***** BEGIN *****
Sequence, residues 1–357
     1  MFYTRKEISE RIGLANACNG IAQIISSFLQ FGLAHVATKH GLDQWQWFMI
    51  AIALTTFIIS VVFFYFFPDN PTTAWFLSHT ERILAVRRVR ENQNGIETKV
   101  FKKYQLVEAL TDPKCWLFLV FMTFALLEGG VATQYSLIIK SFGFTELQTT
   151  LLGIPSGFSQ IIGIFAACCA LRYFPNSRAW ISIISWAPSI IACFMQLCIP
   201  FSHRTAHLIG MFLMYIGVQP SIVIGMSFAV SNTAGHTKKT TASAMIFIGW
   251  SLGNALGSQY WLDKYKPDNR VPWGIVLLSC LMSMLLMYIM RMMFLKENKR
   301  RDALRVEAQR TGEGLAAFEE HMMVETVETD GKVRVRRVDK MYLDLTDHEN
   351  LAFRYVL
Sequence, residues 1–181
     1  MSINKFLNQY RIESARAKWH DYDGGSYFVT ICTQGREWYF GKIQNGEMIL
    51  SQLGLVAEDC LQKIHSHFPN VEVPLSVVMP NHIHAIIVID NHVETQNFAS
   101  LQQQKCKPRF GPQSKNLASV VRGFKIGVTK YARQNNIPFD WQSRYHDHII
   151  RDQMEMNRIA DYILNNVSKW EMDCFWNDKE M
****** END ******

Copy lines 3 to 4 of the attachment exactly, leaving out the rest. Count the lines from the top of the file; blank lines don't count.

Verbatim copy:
    51  AIALTTFIIS VVFFYFFPDN PTTAWFLSHT ERILAVRRVR ENQNGIETKV
   101  FKKYQLVEAL TDPKCWLFLV FMTFALLEGG VATQYSLIIK SFGFTELQTT